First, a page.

New Delhi: Their bid to scale Mount Everest to mark golden jubilee of the first Indian conquest of the peak might have been hit by the Nepal quake but members of an Indian Army expedition team are happy that they could help nearly 80 people at 17,500 feet.
"The regret of not climbing is there but we are happy that we were at the base camp of the Mount Everest when the avalanche came. We were able to rescue nearly 80 people," said Major Ranveer Singh Jamwal, the leader of the Indian Army's expedition team which returned today.
Jamwal, along with 29 other members of the team, was at the base camp when the quake struck leading to a massive landslide. However, the team was able to recover quickly and reach out to the needy.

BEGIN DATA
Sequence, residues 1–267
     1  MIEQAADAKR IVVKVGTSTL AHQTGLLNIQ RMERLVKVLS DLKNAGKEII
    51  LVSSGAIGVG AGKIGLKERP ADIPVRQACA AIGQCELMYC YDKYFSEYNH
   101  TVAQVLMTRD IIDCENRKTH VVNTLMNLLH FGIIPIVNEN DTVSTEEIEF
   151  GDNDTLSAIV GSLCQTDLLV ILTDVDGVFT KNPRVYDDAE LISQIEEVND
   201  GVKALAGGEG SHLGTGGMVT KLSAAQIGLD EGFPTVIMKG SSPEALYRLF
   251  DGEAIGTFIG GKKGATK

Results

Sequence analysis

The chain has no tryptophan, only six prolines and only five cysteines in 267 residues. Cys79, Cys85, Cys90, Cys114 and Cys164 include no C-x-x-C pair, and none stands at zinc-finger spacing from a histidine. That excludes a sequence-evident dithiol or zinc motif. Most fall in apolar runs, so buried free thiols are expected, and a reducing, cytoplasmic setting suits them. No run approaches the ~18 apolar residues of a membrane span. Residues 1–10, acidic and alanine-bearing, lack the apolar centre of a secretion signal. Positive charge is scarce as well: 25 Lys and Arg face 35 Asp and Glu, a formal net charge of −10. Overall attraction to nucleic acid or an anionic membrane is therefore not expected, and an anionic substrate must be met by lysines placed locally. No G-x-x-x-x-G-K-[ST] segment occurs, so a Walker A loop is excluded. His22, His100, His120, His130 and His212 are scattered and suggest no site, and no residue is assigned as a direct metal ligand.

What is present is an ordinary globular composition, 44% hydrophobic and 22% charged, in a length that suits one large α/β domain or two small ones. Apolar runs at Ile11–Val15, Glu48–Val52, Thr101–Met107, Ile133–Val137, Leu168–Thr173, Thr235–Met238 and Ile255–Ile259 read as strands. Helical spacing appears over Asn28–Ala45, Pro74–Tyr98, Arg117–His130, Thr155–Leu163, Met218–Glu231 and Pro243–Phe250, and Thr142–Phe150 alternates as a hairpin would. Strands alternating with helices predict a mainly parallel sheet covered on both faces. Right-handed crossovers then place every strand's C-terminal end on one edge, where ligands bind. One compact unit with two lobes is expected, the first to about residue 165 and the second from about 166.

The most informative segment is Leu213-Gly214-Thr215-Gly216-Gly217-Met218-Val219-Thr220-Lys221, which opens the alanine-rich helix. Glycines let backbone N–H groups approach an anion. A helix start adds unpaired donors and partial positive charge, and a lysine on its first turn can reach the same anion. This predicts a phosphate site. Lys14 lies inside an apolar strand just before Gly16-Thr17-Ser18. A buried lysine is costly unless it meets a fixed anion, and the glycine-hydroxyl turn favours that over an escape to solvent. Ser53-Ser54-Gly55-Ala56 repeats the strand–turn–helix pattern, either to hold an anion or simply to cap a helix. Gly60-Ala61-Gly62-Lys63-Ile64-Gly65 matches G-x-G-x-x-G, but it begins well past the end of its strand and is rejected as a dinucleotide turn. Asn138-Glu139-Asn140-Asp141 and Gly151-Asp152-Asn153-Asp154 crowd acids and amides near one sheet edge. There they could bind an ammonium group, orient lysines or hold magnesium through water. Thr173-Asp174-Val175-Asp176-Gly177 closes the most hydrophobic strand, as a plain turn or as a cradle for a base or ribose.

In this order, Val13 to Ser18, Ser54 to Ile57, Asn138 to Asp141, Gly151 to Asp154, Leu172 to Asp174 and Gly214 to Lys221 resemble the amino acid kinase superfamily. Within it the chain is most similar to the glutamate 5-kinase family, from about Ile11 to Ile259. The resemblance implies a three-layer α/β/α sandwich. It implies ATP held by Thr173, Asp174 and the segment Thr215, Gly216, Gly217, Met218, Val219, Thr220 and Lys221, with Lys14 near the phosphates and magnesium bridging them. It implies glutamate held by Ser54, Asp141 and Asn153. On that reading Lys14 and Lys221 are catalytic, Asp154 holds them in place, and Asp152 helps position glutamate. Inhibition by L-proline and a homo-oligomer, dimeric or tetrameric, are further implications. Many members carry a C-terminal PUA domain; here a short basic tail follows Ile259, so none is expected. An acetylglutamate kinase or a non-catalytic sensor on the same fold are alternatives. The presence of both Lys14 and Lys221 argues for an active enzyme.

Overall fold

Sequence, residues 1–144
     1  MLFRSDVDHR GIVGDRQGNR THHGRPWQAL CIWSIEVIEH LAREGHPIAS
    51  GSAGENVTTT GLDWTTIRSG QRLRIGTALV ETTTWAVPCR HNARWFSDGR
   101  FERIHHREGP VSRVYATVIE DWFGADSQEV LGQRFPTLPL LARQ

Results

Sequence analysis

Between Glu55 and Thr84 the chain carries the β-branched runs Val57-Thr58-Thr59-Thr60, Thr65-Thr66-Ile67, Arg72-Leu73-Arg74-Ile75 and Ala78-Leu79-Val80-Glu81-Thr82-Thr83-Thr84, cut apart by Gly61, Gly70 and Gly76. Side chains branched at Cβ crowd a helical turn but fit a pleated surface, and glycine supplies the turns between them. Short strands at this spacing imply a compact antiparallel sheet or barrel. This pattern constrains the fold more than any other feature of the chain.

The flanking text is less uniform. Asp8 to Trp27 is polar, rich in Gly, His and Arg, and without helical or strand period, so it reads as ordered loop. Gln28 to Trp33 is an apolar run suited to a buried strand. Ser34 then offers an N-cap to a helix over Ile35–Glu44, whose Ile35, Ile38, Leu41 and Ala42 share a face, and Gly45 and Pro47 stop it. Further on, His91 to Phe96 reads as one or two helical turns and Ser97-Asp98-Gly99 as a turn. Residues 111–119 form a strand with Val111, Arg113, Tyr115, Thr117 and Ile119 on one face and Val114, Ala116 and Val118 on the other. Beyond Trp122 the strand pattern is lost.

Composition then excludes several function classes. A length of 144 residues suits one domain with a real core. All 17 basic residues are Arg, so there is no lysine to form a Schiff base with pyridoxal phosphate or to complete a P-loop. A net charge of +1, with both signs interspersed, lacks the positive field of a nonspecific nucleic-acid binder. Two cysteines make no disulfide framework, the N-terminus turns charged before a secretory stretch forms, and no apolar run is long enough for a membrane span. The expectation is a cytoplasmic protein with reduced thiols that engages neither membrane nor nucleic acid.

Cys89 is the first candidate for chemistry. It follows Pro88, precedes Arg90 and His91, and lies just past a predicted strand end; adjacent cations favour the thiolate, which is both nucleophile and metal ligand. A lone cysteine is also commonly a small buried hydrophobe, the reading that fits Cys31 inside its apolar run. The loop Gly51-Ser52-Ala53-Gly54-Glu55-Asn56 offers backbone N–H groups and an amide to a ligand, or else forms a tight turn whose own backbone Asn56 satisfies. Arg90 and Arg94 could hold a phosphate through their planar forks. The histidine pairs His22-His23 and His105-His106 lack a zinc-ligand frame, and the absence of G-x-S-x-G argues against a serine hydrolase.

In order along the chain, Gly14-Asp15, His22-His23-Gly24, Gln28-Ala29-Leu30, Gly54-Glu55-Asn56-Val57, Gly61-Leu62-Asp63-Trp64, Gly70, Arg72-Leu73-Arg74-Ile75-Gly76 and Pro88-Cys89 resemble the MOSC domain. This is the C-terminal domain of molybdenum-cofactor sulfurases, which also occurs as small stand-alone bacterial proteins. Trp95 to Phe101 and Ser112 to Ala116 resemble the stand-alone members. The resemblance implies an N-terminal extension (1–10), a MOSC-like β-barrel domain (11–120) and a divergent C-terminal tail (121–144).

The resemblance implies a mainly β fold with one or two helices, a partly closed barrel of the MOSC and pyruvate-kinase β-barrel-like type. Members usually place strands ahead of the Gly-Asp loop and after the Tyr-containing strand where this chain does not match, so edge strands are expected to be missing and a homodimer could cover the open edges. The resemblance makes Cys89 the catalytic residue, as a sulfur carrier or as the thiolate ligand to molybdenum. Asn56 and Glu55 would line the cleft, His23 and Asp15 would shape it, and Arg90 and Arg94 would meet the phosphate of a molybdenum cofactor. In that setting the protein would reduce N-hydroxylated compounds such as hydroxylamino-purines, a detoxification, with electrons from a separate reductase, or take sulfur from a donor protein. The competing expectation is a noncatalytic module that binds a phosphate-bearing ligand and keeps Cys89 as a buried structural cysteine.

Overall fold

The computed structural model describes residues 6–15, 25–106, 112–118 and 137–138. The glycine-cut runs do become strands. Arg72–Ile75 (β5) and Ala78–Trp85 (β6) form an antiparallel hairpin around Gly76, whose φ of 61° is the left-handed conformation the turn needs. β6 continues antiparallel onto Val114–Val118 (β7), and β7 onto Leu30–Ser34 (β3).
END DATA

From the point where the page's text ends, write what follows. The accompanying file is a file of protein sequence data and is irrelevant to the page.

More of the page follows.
"As I saw the avalanche approaching from both sides, my thoughts were about safety of my team. All I could do was shout out instructions and hope that the team was able to hear me," Jamwal told PTI here.
Jamwal and his team are back in India after the Nepalese authorities said the climb cannot happen because of the damage caused by earthquake.
For about 70 climbers on the Mount Everest base camp, Major Ritesh Goel of the Indian Army was a "life saver" at 17,500 feet.
Goel, who has also served in the Siachen, was part of the the Indian Army expedition team.
The 28-year-old not only provided first-aid and stabilised nearly 70 climbers, some with broken legs and hands, but also managed eight persons with serious head injuries for about 14-hours before they were rescued by helicopters.
"The intense training regime that we followed helped," Goel said when asked if he would credit their escape to luck.